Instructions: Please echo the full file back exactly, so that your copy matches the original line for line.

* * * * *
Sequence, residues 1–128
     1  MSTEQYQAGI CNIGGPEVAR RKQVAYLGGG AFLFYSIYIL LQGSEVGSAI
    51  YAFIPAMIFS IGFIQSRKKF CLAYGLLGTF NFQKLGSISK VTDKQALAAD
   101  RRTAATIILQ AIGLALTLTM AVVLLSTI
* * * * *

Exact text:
Sequence, residues 1–128
     1  MSTEQYQAGI CNIGGPEVAR RKQVAYLGGG AFLFYSIYIL LQGSEVGSAI
    51  YAFIPAMIFS IGFIQSRKKF CLAYGLLGTF NFQKLGSISK VTDKQALAAD
   101  RRTAATIILQ AIGLALTLTM AVVLLSTI